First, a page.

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Web Design References

Web Design Glossary: C


"Click Here"
The phrase "click here" is a bad linking practice. It makes navigating the web difficult for both sighted and unsighted users. Link text should be meaningful enough to make sense when read out of context. For more information consult "Click here" don't use it...
Captions are text transcripts that are synchronized with audio or video. Captions are in the same language as the audio content. They include dialogue, and, unlike subtitles, also identify who is speaking and provide information about significant sound effects. They convey information about spoken words and non-spoken sounds such as sound effects. They benefit people who are Deaf or hard-of-hearing, and anyone who cannot hear the audio (e.g., Someone in a noisy environment). Captions are generally rendered graphically above, below, or superimposed over video. Captions can be closed or open. Closed captions are encoded or invisible and must be decoded or made visible. Open captions can't be turned off.
Card Sorting
Card sorting is a categorization method where users sort cards depicting various concepts into categories. You start with a list of all the items you want sorted. Write down each item on a separate index card. Give your user(s) the stack of cards and have them divide the cards up into piles, telling them that the cards should be grouped the way they (the users) best see fit. This technique is best used in the early stages of development. For more information consult Card Sorting.
The CSS cascade assigns a weight to each style rule. When several rules apply, the one with the greatest weight takes precedence. You can think of some rules coming from "higher up" in the cascade; these combine with the rules at the next level down, and the result combines with the next level, and so on, until finally you have the actual rules to be applied to the document pooled at the "base" of the cascade. The cascade is the mechanism by which rules from different places are combined to create an über-stylesheet.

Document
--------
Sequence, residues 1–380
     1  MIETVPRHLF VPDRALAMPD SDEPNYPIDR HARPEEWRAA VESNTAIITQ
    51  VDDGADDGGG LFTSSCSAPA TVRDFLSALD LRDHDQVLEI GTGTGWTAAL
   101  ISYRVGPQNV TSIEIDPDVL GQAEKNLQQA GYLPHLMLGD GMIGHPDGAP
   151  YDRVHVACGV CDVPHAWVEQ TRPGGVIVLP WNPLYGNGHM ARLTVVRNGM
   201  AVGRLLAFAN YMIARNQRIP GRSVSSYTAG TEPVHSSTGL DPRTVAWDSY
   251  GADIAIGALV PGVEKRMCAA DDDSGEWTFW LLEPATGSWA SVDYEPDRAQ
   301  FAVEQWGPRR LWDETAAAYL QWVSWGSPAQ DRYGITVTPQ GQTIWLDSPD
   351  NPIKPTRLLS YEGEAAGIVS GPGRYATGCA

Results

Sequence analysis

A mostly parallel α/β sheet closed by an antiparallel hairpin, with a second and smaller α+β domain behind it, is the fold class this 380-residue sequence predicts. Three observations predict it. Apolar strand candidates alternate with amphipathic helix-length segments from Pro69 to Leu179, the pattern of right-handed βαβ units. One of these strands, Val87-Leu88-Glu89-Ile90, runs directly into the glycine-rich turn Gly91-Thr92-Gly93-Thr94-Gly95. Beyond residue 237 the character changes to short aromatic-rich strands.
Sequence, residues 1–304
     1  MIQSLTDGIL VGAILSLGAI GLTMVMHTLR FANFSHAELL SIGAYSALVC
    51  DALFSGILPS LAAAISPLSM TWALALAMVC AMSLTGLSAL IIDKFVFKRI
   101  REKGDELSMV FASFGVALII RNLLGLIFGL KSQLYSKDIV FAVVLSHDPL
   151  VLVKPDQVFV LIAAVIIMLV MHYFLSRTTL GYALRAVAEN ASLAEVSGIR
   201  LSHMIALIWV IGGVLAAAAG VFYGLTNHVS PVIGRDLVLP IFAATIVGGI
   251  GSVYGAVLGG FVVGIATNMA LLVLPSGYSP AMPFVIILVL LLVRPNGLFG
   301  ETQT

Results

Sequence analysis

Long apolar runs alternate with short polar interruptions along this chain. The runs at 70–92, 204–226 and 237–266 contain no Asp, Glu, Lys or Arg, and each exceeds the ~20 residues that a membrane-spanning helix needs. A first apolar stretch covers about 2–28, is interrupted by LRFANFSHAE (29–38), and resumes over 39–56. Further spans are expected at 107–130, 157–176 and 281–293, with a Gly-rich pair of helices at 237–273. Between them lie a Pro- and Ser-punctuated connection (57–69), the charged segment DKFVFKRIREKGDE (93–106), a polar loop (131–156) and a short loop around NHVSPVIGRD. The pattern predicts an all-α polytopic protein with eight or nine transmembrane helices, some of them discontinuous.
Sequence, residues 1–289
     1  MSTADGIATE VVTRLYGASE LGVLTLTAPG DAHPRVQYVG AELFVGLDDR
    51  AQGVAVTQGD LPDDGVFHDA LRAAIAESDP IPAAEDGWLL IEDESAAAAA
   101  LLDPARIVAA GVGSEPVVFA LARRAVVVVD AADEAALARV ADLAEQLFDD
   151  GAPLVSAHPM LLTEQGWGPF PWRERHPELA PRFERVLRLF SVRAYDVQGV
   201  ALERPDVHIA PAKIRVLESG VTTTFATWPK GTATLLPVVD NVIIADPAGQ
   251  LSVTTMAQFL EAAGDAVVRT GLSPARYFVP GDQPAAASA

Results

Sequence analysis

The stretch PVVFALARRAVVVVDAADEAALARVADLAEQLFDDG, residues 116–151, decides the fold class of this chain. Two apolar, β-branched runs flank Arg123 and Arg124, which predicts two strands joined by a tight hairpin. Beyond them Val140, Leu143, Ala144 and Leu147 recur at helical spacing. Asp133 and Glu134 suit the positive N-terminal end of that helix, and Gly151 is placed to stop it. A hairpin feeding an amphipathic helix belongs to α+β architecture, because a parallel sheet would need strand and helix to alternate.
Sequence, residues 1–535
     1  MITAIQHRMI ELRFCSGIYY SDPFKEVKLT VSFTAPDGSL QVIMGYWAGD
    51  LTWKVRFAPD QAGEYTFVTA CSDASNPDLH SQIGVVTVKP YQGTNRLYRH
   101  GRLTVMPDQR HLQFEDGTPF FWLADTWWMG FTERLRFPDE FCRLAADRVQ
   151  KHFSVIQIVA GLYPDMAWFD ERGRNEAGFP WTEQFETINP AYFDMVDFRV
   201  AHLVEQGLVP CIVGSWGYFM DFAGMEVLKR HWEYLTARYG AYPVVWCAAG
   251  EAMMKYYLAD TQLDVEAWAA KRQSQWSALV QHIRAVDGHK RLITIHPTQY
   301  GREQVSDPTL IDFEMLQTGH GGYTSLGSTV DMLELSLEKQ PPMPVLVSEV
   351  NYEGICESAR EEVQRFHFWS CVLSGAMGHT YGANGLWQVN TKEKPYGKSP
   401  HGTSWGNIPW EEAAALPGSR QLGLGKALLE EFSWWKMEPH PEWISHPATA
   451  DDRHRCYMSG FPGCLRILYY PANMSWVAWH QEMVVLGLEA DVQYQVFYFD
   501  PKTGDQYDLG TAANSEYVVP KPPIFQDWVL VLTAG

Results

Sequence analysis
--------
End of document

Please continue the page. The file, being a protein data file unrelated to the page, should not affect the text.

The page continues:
Cascading Style Sheets (CSS)
Style sheets refer to a set of rules that allow you to control how you would like your document to be rendered. It is a mechanism to primarily separate presentation from content. With the HTML and style sheets approach, structured content goes into the HTML document, and the appearance, or presentation information goes into a style sheet. CSS allow you to control the rendering of elements on a web page without compromising its structure. Before CSS , nearly all of the presentational attributes of an HTML document were contained within the HTML code; all font colors, background styles, alignment specification, boxes, borders, and sizes had to be explicitly described, often repeatedly, in the midst of the HTML code. CSS allows web designers to extract this information, resulting in considerably simpler HTML code, supplemented by an auxiliary style sheet written in the language of CSS . The structure and semantic markup is restricted to the HTML code, while the presentational markup is restricted to the CSS code. For more information consult Cascading Style Sheets.
Center for Applied Special Technology (CAST)
The organization that originally developed the website accessibility checker Bobby. For more information, consult